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ORIGINAL ARTICLE
Year : 2022  |  Volume : 22  |  Issue : 1  |  Page : 23-28

Resuscitation of hemorrhagic shock using normal saline does not damage the glycocalyx in the immediate resuscitation phase


1 Department of Child Health, Faculty of Medicine, Cipto Mangunkusumo Hospital, Universitas Indonesia, Jakarta, Indonesia
2 Department of Veterinary Clinic Reproduction and Pathology, Division of Veterinary Surgery and Radiology, Faculty of Veterinary Medicine, Bogor Agricultural University, Bogor, Indonesia
3 Department of Nutrition, Universitas Indonesia, Jakarta, Indonesia
4 Department of Biochemistry and Molecular Biology, Universitas Indonesia, Jakarta, Indonesia
5 Department of Physiology, Faculty of Medicine, Universitas Indonesia, Jakarta, Indonesia
6 Department of Child Health, North Sumatera University Hospital, Faculty of Medicine North Sumatera University, Medan, Indonesia

Correspondence Address:
Dr. Antonius Hocky Pudjiadi
Jl. Salemba Raya No. 6, Jakarta
Indonesia
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Source of Support: None, Conflict of Interest: None


DOI: 10.4103/2452-2473.336100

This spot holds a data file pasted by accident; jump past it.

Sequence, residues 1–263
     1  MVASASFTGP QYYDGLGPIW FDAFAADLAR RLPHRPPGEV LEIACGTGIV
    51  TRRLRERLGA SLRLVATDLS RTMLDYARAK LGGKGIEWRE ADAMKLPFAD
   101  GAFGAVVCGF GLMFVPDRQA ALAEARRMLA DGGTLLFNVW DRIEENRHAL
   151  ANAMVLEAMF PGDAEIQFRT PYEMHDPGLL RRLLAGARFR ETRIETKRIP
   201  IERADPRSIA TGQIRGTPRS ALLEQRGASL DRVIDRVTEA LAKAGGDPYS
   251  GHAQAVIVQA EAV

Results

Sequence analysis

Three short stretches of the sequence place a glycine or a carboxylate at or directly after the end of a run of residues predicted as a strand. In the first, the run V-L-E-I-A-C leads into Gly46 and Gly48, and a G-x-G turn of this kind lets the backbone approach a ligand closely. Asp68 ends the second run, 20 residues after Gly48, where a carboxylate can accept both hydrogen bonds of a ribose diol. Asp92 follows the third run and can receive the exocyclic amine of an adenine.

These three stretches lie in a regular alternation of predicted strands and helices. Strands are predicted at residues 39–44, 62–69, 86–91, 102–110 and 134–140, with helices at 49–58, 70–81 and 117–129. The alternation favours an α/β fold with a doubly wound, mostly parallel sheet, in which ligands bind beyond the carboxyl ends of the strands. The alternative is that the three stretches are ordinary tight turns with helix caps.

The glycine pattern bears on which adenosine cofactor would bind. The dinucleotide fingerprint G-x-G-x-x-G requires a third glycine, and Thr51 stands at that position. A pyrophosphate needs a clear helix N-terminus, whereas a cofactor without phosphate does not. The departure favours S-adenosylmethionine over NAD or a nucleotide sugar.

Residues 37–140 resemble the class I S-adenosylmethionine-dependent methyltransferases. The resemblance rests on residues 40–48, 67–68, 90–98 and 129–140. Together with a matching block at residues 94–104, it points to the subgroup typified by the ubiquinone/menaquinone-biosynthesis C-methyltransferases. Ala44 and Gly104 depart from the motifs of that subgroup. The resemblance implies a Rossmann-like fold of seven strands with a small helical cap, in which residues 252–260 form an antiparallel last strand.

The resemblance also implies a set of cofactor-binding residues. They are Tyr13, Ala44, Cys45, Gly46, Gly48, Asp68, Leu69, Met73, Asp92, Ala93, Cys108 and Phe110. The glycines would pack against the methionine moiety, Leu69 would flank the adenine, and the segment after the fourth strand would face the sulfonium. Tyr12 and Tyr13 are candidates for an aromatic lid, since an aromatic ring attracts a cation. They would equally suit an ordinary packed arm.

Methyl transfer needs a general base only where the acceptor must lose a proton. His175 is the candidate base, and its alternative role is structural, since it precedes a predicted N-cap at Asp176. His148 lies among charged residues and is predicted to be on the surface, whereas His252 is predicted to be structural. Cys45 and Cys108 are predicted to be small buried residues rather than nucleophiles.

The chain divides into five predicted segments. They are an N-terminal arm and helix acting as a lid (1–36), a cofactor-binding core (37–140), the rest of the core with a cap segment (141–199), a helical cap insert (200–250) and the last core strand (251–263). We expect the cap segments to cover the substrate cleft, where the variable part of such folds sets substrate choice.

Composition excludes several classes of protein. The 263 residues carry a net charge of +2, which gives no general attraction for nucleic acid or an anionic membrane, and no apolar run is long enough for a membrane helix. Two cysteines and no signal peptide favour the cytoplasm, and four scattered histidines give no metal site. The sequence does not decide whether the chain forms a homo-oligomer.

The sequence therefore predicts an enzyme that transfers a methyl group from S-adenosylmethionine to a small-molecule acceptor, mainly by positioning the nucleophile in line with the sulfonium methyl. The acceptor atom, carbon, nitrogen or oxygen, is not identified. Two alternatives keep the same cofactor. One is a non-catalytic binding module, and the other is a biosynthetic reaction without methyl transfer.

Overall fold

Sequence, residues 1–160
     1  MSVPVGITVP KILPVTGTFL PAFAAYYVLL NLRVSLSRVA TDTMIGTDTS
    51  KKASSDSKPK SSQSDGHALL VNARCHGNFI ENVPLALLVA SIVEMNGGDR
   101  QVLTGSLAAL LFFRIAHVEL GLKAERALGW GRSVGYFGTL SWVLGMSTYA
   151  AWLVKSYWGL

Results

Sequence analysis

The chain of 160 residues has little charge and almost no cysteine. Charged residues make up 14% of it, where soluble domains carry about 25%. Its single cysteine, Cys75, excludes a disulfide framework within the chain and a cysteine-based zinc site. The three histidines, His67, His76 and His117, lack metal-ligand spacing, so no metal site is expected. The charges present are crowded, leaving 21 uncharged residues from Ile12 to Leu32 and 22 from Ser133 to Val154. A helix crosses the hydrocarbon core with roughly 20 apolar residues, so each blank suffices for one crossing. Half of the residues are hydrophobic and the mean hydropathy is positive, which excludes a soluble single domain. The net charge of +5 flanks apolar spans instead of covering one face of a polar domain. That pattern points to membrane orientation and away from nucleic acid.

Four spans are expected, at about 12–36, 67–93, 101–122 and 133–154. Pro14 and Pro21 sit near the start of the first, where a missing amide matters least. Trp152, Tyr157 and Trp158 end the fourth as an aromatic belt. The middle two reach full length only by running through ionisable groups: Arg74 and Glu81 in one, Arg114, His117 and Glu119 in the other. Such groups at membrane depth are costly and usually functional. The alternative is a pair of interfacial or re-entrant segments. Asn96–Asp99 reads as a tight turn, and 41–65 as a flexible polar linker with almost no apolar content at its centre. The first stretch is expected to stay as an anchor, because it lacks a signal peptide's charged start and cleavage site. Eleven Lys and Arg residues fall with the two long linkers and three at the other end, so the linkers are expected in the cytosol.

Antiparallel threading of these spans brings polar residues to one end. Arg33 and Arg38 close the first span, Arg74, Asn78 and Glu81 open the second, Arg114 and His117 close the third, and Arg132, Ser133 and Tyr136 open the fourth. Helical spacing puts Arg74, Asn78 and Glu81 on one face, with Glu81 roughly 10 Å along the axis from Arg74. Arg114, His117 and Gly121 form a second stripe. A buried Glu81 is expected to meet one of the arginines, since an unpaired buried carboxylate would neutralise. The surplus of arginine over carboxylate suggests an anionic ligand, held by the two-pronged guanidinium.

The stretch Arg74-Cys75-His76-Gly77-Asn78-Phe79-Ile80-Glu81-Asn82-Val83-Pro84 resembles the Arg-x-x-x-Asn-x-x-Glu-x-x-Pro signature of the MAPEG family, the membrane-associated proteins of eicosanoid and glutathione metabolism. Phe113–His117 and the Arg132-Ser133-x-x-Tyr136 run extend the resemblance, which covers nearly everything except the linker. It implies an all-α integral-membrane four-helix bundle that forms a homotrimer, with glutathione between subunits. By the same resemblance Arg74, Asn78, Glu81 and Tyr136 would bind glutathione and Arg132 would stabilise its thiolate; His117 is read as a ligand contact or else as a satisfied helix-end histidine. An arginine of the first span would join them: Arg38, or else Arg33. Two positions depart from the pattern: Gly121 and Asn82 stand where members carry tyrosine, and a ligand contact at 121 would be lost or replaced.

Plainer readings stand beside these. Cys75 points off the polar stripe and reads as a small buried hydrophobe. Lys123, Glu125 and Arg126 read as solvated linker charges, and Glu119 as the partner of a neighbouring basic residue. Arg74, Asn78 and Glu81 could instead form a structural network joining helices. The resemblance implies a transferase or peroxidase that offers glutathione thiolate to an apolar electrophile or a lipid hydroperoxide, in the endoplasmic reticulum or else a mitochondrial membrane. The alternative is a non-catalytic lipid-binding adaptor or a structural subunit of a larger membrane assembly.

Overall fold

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OBJECTIVES: The objectives were to study the effect of aggressive resuscitation using normal saline on hemodynamics, serum atrial natriuretic peptide (ANP), syndecan-1 (marker of endothelial glycocalyx shedding), and extravascular lung water index (ELWI) following hemorrhagic shock. METHODS: Eleven male piglets (Sus scrofa) underwent blood drawing to create 20% drop in mean arterial pressure (MAP). Two-phase resuscitation was performed: Phase 1 using normal saline of an equal volume of blood drawn to create shock and Phase 2 using 40 ml/kg BW of normal saline to simulate hypervolemia and hemodilution. Heart rate, MAP, cardiac index (CI), systemic vascular resistance index, oxygen delivery (DO2), global end-diastolic volume index, ELWI, hemoglobin (Hb), lactate, ANP, and syndecan-1 at each phase and up to 60 min following Phase 2 resuscitation were recorded. RESULTS: Phase 2 resuscitation significantly decreased Hb concentration (P = 0.006), however, DO2 was maintained (P = 1.000). CI increased from shock to Phase 1 (P = 0.029) and further increase in Phase 2 resuscitation (P = 0.001). Overall, there was a transient increase of ANP following Phase 1 resuscitation, from 85.20 ± 40.86 ng/L at baseline to 106.42 ± 33.71 ng/L (P = 0.260). Serum syndecan-1 and ELWI change at all phases were not significant. CONCLUSIONS: We demonstrate compensatory protective mechanism despite overzealous fluid resuscitation. Compensatory increased CI despite decreased Hb maintained DO2. In the absence of inflammation, serum ANP did not increase significantly, no glycocalyx shedding occurred, subsequently no change in ELWI. We show that factors other than volume overload are more dominant in causing glycocalyx shedding.


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